Two key points on the budget the pundits and politicians miss

Two key points on the budget the pundits and politicians miss

Earlier today, I posted about the four prominent Republican Members of Congress who have recently said they are okay with raising taxes:

In a recent radio interview, Republican Senator Saxby Chambliss of Georgia said he is willing to raise taxes in order to help solve America’s debt problem. Chambliss’ comments (as well of those of Senator Graham (R-SC), Senator Corker (R-TN) and Rep. Peter King (R-NY), all of whom have supported tax increases in the last few days) have inspired a firestorm of criticism from many quarters.

These gents are under significant fire, and for good reason — raising taxes is not a tolerable position if one wants to defuse our coming debt crisis. However, too many people bashing them are forgetting that increasing tax revenues shouldn’t be off the table:

First, it is not against Tea Party values to increase revenue to the federal government. It is against Tea Party values to raise taxes. Eliminating loopholes and lowering rates equivalently would not be a tax increase, and would help the economy boom. This would necessarily include more employment by millions of Americans, which would in turn bring in more revenue to the federal government. For some reason, many opponents of tax increases in Washington fail to tie this in with their opposition to higher taxes, which means the media can make opposition to tax increases look foolish.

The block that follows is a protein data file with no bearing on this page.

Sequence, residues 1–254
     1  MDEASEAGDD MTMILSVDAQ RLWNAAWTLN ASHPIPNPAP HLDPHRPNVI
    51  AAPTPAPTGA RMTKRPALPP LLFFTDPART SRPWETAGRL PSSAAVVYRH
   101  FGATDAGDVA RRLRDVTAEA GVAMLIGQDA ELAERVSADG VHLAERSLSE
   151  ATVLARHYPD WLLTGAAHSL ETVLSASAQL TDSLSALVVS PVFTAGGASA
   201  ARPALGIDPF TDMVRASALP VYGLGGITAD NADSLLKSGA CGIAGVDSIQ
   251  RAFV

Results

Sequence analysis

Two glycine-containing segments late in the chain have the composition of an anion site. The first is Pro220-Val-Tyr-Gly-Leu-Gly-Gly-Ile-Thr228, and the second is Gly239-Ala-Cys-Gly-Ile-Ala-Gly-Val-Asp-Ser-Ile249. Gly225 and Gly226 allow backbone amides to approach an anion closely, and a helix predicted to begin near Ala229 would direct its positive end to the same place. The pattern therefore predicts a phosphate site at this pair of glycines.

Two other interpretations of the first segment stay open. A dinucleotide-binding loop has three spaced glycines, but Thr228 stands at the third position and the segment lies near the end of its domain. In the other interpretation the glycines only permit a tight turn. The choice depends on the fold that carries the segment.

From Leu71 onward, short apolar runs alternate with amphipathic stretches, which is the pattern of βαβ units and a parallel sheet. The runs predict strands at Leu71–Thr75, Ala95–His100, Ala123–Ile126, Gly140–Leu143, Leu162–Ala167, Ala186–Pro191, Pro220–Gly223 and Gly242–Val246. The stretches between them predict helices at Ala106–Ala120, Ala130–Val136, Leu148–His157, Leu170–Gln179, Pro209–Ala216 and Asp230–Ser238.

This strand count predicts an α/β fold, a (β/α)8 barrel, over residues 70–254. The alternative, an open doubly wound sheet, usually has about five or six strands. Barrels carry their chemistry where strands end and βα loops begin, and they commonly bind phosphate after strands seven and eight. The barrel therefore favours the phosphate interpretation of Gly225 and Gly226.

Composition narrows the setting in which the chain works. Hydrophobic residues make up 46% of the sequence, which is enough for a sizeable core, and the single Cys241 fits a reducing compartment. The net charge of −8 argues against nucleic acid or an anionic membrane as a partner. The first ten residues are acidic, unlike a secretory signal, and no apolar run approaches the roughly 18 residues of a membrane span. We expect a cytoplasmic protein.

Additionally, many people forget that tax increases won’t do a single bit of good in the long run when it comes to preventing a fiscal collapse, and they will continue the conceit that government can take more taxpayer money simply because the government is irresponsible:

Second, raising taxes will never solve America’s debt problem. Ever. Spending is on a runaway rise, and tax revenues can only go so high. Raising taxes will chip away at the deficit, to be sure – but raising taxes will also blunt economic growth, and continue the government conceit that says its addiction to more spending should be bailed out by more of your hard-earned income. The simple fact is that we have a massive spending problem, and while our tax code does need reform, increasing rates won’t do the job.

Unfortunately, the American people too often fail to hold to their instinctively conservative values once they see how budget cuts and tax loophole elimination could impact them. Then they turn into liberals. Speaking as a twenty-something conservative who understands national sacrifice is necessary to prevent a fiscal crisis, I hope this changes soon, because otherwise my generation is going to find itself facing massive unemployment, high taxes, high inflation, and little-to-no retirement.

Dustin Siggins is the online content coordinator and blogger for Tea Party Patriots, and formerly a frequent contributor to He currently contributes to American Spectator’s blog,, and He is also the co-author of a forthcoming book on the national debt with William Beach of The Heritage Foundation. The opinions expressed are his own.


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